A blower door is a machine used to measure the air tightness of buildings. It can also be used to measure airflow between building zones, to test duct-work air tightness and to help physically locate air leakage sites in the building envelope.
There are three primary components to a blower door:
   (1) a calibrated, variable-speed fan, capable of inducing a range of air flows sufficient to pressurize and depressurize a variety of building sizes,
   (2) a pressure measurement instrument, called a manometer, to simultaneously measure the pressure differential induced across the face of the fan and across the building envelope, as a result of fan airflow, and
   (3) a mounting system, used to mount the fan in a building opening, such as a door or a window.
A variety of blower door air tightness metrics can be produced using the combination of building-to-outside pressure and fan airflow measurements. These metrics differ in their measurement methods, calculation and uses. Blower door tests are used by building researchers, weatherization crews, home performance contractors, and others in efforts to assess the construction quality of the building envelope, locate air leakage pathways, assess how much ventilation is supplied by the air leakage, assess the energy losses resulting from that air leakage, determine if the building is too tight or too loose, determine if the building needs mechanical ventilation and to assess compliance with ATTMA building performance standards.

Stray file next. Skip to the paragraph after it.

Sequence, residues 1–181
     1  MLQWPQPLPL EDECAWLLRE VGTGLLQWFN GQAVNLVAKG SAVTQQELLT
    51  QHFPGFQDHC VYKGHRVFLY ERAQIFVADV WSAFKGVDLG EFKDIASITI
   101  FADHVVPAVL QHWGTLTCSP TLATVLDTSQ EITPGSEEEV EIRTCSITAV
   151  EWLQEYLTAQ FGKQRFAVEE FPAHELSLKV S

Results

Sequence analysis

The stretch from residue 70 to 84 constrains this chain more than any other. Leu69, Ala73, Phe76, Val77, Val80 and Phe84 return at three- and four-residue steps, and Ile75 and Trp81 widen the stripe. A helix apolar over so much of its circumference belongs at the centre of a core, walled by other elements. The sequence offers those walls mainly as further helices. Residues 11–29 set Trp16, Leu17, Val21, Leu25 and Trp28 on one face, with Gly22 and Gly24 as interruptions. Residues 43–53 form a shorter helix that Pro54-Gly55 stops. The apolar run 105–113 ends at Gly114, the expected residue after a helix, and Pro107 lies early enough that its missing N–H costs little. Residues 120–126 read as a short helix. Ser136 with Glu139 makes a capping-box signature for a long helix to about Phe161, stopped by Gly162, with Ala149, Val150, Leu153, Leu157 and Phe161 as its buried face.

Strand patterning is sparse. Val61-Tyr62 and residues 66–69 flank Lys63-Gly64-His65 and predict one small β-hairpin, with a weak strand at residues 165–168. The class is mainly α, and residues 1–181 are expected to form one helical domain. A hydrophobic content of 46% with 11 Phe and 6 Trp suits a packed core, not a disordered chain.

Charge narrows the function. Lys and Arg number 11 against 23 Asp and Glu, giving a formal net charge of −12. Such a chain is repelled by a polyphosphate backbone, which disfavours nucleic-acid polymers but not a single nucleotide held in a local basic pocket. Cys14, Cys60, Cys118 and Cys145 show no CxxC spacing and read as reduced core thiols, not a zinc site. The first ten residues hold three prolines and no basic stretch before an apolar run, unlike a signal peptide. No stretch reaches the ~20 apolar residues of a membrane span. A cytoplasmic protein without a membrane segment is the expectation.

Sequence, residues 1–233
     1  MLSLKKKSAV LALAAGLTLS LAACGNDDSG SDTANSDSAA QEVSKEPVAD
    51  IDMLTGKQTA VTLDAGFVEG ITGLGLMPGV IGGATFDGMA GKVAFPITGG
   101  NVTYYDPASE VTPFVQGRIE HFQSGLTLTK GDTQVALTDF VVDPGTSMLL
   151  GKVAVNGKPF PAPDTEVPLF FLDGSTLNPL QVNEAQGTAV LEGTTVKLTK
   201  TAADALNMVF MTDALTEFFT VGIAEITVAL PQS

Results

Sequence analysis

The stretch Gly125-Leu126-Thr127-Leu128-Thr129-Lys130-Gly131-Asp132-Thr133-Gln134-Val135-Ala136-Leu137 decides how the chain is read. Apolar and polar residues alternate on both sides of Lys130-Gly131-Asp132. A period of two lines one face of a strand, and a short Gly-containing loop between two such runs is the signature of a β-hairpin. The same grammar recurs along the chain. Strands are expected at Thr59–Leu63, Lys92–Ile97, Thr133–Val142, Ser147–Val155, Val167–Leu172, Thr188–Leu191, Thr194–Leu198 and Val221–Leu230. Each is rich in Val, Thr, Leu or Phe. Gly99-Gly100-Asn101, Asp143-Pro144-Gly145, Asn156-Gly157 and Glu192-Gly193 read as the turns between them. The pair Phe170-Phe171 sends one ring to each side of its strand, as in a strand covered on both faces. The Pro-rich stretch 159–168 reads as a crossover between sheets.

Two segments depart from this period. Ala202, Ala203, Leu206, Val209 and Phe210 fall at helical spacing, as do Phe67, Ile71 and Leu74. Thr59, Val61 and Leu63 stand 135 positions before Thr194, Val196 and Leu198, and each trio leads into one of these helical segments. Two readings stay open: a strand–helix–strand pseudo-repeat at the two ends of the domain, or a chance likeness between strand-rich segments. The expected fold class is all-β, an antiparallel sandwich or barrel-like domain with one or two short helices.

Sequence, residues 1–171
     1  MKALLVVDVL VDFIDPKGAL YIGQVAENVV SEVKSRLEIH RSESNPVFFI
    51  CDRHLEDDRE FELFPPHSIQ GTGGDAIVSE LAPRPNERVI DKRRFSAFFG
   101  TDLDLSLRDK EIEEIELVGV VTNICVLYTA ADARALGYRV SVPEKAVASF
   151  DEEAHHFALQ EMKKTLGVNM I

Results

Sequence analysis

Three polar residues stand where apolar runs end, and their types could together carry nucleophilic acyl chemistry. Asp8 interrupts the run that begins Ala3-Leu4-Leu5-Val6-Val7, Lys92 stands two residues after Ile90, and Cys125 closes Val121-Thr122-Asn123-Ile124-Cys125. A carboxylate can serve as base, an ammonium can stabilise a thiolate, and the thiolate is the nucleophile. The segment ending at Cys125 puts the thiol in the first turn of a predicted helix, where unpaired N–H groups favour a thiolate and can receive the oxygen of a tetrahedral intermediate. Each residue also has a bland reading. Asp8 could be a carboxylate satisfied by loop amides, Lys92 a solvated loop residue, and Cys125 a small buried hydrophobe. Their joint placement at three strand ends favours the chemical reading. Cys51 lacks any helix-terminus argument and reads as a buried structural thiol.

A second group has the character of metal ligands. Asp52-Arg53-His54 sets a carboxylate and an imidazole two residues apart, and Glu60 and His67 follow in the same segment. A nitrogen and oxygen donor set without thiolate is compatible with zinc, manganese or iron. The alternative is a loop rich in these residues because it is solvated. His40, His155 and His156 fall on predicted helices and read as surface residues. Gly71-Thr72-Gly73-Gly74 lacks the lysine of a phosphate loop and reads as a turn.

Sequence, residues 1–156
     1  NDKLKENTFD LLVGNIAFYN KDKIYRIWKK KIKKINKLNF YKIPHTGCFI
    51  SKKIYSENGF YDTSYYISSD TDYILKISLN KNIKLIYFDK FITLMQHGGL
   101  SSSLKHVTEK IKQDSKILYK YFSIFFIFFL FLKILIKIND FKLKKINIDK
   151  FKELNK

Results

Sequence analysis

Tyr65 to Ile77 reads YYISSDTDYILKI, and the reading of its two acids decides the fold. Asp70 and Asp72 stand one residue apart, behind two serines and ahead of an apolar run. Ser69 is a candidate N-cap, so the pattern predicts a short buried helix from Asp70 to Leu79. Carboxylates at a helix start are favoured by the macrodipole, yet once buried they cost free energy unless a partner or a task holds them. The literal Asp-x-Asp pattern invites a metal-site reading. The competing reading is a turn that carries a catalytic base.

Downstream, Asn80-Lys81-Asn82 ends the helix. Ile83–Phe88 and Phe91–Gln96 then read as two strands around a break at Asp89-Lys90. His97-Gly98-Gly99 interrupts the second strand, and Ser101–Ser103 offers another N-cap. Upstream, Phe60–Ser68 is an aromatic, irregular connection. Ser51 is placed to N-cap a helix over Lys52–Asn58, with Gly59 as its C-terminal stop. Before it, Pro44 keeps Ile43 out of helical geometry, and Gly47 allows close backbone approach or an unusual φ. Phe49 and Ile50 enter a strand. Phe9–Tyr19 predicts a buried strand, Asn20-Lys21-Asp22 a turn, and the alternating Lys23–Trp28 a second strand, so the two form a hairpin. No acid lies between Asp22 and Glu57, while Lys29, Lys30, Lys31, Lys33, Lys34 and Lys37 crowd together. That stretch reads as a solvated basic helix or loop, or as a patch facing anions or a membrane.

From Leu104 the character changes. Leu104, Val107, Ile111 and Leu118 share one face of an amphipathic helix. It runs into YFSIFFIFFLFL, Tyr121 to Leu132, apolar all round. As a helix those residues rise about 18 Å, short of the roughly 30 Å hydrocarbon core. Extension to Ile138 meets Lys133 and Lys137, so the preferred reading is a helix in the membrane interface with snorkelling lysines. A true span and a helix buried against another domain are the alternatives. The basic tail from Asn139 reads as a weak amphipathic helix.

Blower door metrics:
Depending on how a blower door test is performed, a wide variety of air tightness and building airflow metrics can be derived from the gathered data. Some of the most common metrics and their variations are discussed below.
Airflow at a specified building pressure:
One metric is to measure airflow at a given building-to-outside reference pressure, typically at 50 Pascal (Q50). This standardized single-point test allows for comparison between homes measured at the same reference pressure. A suitably high pressure, such as 50 Pa, is chosen so that the effects of stack-induced airflow and wind-driven airflow are minimized. This increases the repeatability of the measurement, essentially controlling for the different temperature and wind conditions under which a building can be tested. Buildings of different sizes and similar envelope quality will have different results in this test.

Airflow per unit surface area or floor area:
Often, an effort is made to control for building size and layout by normalizing the airflow at a specified building pressure to either the building’s floor area or to its total surface area. These values are generated by taking the airflow rate through the fan and dividing by the area. These metrics are most used to assess construction and building envelope quality, because they normalize the total building leakage area to the total amount of area through which that leakage could occur. In other words, how much leakage occurs per unit area of wall, floor, ceiling, etc.

Uses of blower-door testing:
Blower doors can be used in a variety of types of testing. These include (but are not limited to):
Testing residential and commercial buildings for air tightness
Testing buildings for compliance with standards for energy efficiency - ATTMA
Testing building envelopes and window frames for water tightness and rain penetration
Duct leakage testing of forced air heating/cooling systems - both supply (vents) ducts and return ducts can be tested to determine if and how much they leak air.